The Impact of Business Strategy and the FDA on the Future of Spine Surgery

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At the 11th Annual Spine, Orthopedic & Pain-Management Driven ASC Conference on June 14, Frank Phillips, MD, of Rush University Medical Center and Northwest Orthopedics, both in Chicago, and Nameer R. Haider, MD, of Spinal & Skeletal Pain Medicine in Utica, N.Y., discussed the impact of business strategy and the Food and Drug Administration on the future of spine surgery.

 

Both physicians identified trends that have emerged recently that show where the future of orthopedic surgery is headed. “The tide is really turning towards minimally invasive surgery,” said Dr. Phillips. He said that many physicians are coming out of their residency trained in MSI, a trend that will make the technique increasingly common in both hospitals and ASCs. “It will definitely become the standard if it hasn’t already,” he said.

 

Dr. Haider cited neuromodulation as a technique that is and will continue to be used to treat a variety of conditions, from obesity to sleep apena. “This technology will definitely be utilized more in the coming years,” he said.

 

However, Dr. Haider remarked that neuromodulation is being used more extensively in Europe than it is in America, mostly because regulatory approval processes in the U.S. delay the introduction of some of the most cutting-edge innovations into the market. He gave the example of a company he has worked with that makes innovative cervical replacement discs that look and function like natural discs. The company has quickly become the top device manufacturer in Germany, but the company has yet to start the lengthy FDA approval process and therefore will not be in this market for years, he said.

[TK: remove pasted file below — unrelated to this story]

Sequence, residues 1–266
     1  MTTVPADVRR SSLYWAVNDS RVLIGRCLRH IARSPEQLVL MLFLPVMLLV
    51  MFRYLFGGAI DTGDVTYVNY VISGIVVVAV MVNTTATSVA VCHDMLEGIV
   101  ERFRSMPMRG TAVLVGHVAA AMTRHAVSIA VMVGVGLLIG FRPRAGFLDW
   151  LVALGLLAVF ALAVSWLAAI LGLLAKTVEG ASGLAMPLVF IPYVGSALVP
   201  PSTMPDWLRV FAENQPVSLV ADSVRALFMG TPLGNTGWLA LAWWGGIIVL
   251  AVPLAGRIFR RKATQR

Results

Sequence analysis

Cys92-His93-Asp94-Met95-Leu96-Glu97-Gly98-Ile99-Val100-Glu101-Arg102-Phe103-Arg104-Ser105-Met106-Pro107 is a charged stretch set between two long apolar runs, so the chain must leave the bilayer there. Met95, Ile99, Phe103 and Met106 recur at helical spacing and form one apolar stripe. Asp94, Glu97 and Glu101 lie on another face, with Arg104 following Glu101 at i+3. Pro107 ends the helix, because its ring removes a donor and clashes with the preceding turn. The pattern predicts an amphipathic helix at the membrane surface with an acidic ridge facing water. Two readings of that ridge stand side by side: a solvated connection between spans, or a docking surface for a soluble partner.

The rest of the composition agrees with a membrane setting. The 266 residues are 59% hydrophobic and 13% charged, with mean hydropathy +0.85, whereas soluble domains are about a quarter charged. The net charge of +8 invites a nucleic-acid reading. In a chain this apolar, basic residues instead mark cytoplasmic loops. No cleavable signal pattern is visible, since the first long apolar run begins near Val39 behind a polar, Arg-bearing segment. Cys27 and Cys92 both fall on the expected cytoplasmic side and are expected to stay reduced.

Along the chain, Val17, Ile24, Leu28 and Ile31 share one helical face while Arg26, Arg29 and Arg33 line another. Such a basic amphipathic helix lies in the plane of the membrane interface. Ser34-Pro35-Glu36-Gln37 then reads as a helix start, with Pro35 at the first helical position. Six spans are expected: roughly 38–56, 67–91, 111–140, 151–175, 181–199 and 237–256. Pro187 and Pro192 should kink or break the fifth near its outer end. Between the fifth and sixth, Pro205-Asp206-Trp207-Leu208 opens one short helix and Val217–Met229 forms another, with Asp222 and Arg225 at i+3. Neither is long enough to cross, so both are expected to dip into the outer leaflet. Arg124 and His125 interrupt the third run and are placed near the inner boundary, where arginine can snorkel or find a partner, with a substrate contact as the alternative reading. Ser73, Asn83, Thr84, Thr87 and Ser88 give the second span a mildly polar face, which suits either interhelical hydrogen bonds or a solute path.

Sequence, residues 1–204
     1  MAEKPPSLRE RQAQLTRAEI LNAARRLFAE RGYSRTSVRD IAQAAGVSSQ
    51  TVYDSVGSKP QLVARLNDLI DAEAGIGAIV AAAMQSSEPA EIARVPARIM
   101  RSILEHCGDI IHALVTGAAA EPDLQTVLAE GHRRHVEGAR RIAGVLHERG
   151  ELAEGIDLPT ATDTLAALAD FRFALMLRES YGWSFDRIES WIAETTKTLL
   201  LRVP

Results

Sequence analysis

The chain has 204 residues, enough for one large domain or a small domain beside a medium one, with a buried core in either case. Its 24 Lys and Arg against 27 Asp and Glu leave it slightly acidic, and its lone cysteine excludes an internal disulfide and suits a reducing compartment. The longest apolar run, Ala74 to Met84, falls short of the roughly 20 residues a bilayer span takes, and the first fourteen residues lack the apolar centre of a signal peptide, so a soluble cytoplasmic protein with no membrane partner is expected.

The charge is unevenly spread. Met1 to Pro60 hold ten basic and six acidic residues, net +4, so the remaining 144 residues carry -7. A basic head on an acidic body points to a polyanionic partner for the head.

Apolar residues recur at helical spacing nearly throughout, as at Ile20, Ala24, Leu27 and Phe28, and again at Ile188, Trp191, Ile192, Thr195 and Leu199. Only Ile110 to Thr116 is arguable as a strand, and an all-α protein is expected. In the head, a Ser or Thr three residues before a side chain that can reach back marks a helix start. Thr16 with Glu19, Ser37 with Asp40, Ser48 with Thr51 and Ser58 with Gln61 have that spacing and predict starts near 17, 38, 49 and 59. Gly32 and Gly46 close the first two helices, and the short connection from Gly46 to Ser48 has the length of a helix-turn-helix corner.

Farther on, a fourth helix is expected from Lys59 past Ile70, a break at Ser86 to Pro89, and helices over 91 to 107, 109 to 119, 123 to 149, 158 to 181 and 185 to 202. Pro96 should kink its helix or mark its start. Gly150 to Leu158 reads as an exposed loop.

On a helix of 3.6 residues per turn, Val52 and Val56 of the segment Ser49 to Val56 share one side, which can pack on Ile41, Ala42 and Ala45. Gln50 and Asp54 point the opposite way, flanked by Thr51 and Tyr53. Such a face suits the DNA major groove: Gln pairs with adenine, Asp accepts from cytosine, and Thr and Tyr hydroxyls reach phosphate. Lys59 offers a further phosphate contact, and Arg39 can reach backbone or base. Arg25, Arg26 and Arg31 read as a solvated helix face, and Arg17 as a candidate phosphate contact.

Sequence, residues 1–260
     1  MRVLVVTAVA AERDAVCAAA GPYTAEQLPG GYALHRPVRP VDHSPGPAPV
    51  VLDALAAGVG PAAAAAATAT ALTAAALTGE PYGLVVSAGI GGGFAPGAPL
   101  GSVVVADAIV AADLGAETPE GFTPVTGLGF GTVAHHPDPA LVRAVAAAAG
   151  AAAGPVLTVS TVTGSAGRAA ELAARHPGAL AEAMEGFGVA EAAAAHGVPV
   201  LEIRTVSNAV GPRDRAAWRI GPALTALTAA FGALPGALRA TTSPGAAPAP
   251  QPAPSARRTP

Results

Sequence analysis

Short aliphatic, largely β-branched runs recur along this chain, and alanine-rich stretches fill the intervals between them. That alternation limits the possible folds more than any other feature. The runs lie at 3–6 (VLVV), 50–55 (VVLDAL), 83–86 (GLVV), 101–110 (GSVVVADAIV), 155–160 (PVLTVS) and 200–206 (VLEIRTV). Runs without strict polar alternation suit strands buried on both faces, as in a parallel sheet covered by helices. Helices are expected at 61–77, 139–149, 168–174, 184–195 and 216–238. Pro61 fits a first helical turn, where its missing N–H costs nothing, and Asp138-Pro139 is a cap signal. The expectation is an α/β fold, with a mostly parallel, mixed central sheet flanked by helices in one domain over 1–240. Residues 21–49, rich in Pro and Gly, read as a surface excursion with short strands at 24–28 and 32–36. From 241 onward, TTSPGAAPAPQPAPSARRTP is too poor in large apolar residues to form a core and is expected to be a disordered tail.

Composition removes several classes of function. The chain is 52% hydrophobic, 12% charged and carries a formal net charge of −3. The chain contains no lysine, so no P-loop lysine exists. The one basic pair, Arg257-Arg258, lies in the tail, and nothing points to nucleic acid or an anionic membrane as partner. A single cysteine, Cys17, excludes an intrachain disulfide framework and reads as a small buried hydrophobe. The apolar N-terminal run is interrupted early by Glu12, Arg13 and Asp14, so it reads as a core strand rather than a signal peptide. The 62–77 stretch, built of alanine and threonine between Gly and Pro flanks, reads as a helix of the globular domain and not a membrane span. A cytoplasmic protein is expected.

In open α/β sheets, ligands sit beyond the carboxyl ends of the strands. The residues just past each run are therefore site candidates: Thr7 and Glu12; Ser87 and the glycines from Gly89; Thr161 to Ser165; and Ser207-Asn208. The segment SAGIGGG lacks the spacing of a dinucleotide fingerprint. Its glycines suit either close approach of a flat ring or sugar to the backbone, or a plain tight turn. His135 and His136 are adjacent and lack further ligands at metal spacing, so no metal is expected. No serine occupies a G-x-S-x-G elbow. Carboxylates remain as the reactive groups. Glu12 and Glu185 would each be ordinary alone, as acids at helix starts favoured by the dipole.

“Most of funding for these startups has come from European investors,” said Dr. Haider. “Things are becoming so difficult for innovative products in the U.S. that if you have the idea it’s not until seven years later that it comes to fruition and you see it on the market,” he said.

 

Both panelists agreed that the lengthy and costly regulatory process in the U.S. means that while innovation still comes from mostly smaller companies, it is the larger companies who have the resources to see a product through to approval. Dr. Phillips said this leads to smaller companies who have an innovative device being bought up by the larger companies.

 

Investing in innovative technology, whether a company’s own research and development or the purchase of a smaller company, has really become a business decision, said Dr. Phillips. “They’re looking to see what the profi­t margin will be,” because it now takes about five to seven years for investors to get their money back, he said. But this does not mean that there will not be investors: “They will invest if there’s real innovation, and a real opportunity” for success, he said.

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